NEW PORT RICHEY — A 78-year-old New Port Richey resident has achieved another amazing accomplishment this year by earning the title of not one, but two Ironman world championships in his age division for full- and half-distances.

Jerry Magliulo recently took the top prize in the 75-79 age group in the 70.3 Ironman world championship on Sept. 18 in St. George, Utah.

In 2019 in Hawaii, he also captured the full 140.6-mile Ironman title, which includes a 2.4-mile swim, a 112-mile bicycle ride, and a 26.2-mile run.

Next year, he will defend his titles by participating in triathlons in Utah and Kailua-Kona, Hawaii.

What started as a passion for running soon spiraled into a desire to compete annually after a member of Magliulo’s church mentioned they were participating in the competition. It piqued his interested and Magliulo has now been competing for 28 years.

“I was a minister then and newspapers would write articles about me almost monthly, ‘The muscular minister wins again,’” Magliulo said, laughing. “It’s very much a part of my identity now.”

In early October, Magliulo had to bury his older brother and the memories of his training came back as he shared his accomplishments. Born in Italy, Magliulo said he and his brother had to forage for food after World War II. It was his duty to distract the dogs while his brother went to look for food around farms.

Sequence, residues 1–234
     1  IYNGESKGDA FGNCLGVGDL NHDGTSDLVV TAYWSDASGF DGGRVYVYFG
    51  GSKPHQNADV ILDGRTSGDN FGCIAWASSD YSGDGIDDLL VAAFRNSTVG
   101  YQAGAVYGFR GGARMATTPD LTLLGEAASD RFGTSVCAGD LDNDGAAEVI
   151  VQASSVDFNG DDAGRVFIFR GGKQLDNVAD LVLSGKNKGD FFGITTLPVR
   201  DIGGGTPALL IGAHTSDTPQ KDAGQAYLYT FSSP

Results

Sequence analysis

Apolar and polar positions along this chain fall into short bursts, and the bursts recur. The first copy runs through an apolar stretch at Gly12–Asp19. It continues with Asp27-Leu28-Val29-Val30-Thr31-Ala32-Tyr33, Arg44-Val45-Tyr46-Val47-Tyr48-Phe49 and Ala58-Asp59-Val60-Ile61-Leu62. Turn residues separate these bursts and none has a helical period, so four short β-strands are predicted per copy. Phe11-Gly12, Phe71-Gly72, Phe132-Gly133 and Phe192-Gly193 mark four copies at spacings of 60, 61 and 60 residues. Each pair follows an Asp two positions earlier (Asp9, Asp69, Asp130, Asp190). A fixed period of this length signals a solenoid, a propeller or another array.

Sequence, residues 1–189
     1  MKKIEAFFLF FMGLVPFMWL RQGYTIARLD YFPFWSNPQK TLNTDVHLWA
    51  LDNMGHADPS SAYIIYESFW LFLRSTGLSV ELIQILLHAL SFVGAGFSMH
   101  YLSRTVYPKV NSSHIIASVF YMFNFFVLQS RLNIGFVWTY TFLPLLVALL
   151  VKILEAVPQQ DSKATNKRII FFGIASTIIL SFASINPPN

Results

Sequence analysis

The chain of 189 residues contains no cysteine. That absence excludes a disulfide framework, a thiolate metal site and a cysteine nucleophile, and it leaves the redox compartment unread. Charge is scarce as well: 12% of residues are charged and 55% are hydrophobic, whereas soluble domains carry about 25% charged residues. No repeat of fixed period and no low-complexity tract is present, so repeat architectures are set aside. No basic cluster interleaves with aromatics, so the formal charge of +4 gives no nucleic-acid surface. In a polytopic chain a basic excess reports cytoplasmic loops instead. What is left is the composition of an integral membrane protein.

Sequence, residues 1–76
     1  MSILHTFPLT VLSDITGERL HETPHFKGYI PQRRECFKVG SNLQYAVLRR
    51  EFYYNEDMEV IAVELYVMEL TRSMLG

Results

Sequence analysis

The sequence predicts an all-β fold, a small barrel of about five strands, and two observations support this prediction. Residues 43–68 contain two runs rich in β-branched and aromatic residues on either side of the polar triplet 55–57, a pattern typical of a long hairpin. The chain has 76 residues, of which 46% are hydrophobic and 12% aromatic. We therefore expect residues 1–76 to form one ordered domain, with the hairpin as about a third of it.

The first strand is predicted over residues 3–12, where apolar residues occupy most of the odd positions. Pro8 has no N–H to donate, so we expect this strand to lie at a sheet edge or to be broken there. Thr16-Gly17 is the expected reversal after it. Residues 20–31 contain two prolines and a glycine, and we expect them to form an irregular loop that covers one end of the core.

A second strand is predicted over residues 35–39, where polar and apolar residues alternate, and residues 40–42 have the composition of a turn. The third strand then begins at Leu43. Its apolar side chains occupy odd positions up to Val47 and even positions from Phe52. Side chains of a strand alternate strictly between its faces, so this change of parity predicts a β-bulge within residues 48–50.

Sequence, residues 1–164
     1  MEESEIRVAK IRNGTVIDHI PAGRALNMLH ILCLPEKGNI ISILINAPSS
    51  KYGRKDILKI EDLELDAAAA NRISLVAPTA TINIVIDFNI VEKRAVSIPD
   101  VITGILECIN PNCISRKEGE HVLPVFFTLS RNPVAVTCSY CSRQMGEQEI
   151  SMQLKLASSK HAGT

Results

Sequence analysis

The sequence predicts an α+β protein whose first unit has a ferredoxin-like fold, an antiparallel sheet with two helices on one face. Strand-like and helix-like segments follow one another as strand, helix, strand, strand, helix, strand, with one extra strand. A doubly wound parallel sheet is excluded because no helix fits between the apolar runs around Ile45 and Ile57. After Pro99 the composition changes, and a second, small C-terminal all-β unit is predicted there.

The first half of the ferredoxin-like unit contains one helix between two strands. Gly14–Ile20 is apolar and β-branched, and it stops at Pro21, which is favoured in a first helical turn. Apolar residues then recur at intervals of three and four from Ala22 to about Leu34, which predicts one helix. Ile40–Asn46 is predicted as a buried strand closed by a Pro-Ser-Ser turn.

“I asked my brother, ‘What happens if they catch me?’ and he said, ‘Don’t let them catch you.’ I think about that all the time in the competition,” Magliulo said.

Swimming isn’t his strongest suit, and he does OK at running, but bicycling — Magliulo said no one can catch up to him when he’s on a bike. In fact, Magliulo said he’s usually 10-15 minutes ahead of the racers when he finishes in first place.

Every week, you can find Magliulo practicing. He spends time cycling 220 to 270 miles, running 30 miles, and swimming five to seven miles per week.

His wife supports his competitions by letting him know how close competitors are. It usually helps give a boost to his momentum.

“This past year was tough,” Magliulo said. “Australians and Europeans are the strongest competitors.”

Magliulo tries to compete every month. He just finished a race in Wilmington, North Carolina. For someone who thought about retiring five years ago, Magliulo credits the Kennedy Law Racing team he joined that motivated him to keep going for it. Everybody is part of the victory, he said.